Do people trust their banks again – and what does trust even mean in financial services?
This was the theme of a recent Financial Services Forum event, which brought together James Daley, Managing Director at research firm Fairer Finance, Mark Akerman, CTO at challenger Tandem Bank and Conrad Ford, Chief Product and Strategy Officer at SME-focused lender Allica Bank.
James started by noting that views of banks have improved since their nadir around the turn of the last decade, in the aftermath of the financial crisis. Over the last decade, James says, the proportion of people saying they trust their bank has risen from 40% to 60%.
The change, he says, owes to people moving on from the financial crisis, as well as banks becoming more customer-focused due to the disruption of challengers.
He notes that many challengers have suffered a similar fate, where they have entered the market with exceptionally high ratings driven by those who want to switch experiencing a degree of confirmation bias.
However, very few have actually maintained this level of performance, with James noting that Metro Bank and Monzo have both seen a decline. Even First Direct, which he notes has done better than most at maintaining its high customer ratings, is seeing a decline which he says may be due to greater interference from HSBC.
James argues that banks making promises and then breaking them, as in the case of the Fairer NatWest adverts, does a lot to erode trust. Really, what they need to do is “get out of the way and make things work every time they are needed.”
Conrad Ford of Allica Bank echoes this point around the importance of getting the basics right. He ascribes the trajectory described by James to the business models of the challengers.
“If you’re a big bank you’re judged on return on equity. In the long term the interests of customers and shareholders are aligned but in the short term the CEO gets fired if you don’t deliver return on equity.
“Going to the top of the table while losing money on every customer – it’s like winning the 100m sprint on a motorbike.”
Every feature can be copied. Conrad quotes Starling CEO Anne Boden saying “we are not in an innovation race with the big banks, we’re in a cost-income ratio race.”
Mark, who has previously worked at Nationwide, says that mutuals can struggle with the same slowness because they seek to fix for every single member and scenario.
“There’s a self-limiting challenge from this really good intent towards members.”
James adds that regulation has also eaten into profits. Overdraft charges used to be a high proportion of profits for First Direct but now this has been closed off as an avenue.
One way around this challenge is for banks to be laser-focused on a segment, argues Conrad.
“Something I see a lot of is challengers playing in commoditised areas of lending, going into areas where big banks are happy to play.”
Competing over large corporate customers or microbusinesses are “death zones” for challengers, he argues, saying that Allica Bank’s model has been to find a “significant but underserved segment.”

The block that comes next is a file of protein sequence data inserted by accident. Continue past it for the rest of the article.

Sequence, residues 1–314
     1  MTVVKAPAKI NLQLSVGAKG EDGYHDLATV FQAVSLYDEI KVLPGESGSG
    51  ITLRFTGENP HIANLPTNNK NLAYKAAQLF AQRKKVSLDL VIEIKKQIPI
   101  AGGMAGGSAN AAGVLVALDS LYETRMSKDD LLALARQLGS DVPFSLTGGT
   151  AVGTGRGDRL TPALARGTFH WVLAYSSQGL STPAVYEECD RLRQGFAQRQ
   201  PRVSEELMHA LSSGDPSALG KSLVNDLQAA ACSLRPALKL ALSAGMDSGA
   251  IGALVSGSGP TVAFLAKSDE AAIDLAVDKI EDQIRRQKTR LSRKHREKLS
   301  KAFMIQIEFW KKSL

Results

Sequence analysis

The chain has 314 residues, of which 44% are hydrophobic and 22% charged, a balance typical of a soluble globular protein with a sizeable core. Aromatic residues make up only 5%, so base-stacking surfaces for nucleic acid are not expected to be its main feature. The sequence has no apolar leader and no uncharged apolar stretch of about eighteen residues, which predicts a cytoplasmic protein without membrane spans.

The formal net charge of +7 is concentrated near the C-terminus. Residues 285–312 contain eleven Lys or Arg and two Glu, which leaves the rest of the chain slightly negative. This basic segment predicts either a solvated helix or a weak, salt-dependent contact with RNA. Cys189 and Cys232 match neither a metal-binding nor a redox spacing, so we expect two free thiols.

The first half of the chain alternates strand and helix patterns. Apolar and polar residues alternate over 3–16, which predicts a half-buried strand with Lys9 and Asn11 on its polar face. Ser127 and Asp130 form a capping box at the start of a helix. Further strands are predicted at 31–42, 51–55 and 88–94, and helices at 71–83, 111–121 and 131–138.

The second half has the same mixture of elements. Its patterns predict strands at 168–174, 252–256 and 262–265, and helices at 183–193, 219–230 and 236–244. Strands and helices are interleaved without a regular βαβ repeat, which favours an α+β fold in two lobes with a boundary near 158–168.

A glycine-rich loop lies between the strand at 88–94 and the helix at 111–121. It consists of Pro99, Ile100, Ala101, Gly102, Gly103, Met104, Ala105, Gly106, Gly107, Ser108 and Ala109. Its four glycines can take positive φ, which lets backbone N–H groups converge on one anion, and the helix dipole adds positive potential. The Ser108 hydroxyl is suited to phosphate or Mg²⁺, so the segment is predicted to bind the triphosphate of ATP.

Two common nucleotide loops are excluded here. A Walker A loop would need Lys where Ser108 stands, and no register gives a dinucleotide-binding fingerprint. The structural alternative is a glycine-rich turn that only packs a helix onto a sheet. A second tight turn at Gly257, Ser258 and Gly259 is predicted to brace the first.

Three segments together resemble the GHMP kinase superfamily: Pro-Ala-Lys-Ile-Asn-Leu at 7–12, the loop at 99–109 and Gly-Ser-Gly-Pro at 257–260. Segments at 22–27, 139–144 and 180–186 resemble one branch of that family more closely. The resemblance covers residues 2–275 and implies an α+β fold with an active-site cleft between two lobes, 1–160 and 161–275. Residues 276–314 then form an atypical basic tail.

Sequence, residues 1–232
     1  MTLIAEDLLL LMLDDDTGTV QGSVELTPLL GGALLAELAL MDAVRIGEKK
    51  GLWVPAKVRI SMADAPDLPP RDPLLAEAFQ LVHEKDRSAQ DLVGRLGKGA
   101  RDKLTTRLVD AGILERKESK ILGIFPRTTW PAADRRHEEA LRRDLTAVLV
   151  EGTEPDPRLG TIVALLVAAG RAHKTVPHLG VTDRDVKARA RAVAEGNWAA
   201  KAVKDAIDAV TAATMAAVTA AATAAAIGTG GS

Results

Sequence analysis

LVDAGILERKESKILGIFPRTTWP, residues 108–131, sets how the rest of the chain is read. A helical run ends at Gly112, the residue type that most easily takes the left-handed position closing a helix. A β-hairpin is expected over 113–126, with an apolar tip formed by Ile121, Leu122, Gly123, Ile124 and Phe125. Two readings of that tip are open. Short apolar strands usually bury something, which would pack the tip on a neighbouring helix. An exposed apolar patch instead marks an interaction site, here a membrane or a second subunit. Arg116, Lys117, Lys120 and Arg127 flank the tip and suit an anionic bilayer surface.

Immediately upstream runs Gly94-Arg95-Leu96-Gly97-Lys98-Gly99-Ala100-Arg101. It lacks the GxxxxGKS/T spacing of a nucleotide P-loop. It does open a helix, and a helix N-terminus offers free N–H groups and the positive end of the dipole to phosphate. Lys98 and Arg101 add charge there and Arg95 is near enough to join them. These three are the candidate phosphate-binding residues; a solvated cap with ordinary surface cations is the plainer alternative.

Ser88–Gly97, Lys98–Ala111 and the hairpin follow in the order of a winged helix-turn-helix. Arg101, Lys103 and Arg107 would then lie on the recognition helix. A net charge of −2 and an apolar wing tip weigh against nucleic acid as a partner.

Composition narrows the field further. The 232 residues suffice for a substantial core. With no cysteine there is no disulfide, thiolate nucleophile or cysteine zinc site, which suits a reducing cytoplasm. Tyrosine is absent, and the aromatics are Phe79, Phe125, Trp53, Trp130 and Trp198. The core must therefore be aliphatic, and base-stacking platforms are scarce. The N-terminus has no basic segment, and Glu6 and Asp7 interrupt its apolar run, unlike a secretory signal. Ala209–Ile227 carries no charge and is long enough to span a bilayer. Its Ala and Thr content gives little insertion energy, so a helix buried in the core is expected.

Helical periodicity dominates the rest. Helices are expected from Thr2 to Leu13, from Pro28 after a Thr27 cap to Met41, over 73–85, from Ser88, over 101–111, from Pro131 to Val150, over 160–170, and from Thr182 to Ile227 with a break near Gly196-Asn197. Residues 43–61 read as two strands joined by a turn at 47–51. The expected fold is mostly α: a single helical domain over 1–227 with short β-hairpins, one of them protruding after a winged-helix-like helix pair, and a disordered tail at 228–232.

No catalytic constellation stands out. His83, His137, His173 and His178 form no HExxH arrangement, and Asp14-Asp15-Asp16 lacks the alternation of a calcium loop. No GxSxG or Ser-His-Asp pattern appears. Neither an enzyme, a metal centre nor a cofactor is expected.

For Allica this is “established SMEs”, which he notes represents a quarter of the economy.
The reason banks don’t compete here is not that they are “lumbering dinosaurs”, Conrad says, but because they are good at two things: serving mass market customers (simple customers at high volume) and large corporate and public sector where everything is manual and bespoke but the value of each account is high.
“Our customer base is awkwardly stuck in the middle; they’re not simple customers. The operational infrastructure [of the big banks] is designed for those two extremes.”
Historically, Conrad says, this underserved segment has been dealt with by “throwing people at the problem”, but with the decimation of branches, these relationship managers are disappearing.
“We’re going to see more specialised challengers – you can’t be great at everything.”
He argues the big banks will remain big, but will increasingly focus on the highly commoditised mass market segments, where “everything is down to low funding costs and economies of scale.”
The mass closure of branches, coupled with the fact that they are still needed for certain things, serve as another example of how big banks have failed to innovate.
Conrad says that the inability to adapt to changes such as the decline of branches has been a “self-inflicted wound”.
“They had 10 years of fintech to work this out – what they did was set up incubators and fintech petting zoos”.
The middle management is the problem for these banks, he says. Despite the quick rolling out of new services during Covid showing that banks can move quickly if they choose to, Conrad argues that they have not learnt this lesson.
“Middle management is the problem of big banks, and they’ve been doing things a certain way for 30 years. The people who hold the banks back are the exact people who succeed there.
“The people who are willing to take risks get punished if things go wrong or they get frustrated and move to something more exciting like a fintech.”
Mark adds that the number of people who can stand around a whiteboard are most likely the right number of people to solve a business challenge.
So how can marketers translate the internal culture of their organisations into coherent marketing messages?
“You have to do what you say and not oversell,” says Mark. “Authentic, tangible actions that customers can verify for themselves drive Tandem’s focus and approach to our Fairer and Greener messaging.”
Conrad added: “For a big bank I’d try to work out what’s unique about your bank compared to others. Lloyds don’t talk about products, they talk about their heritage and unique DNA.”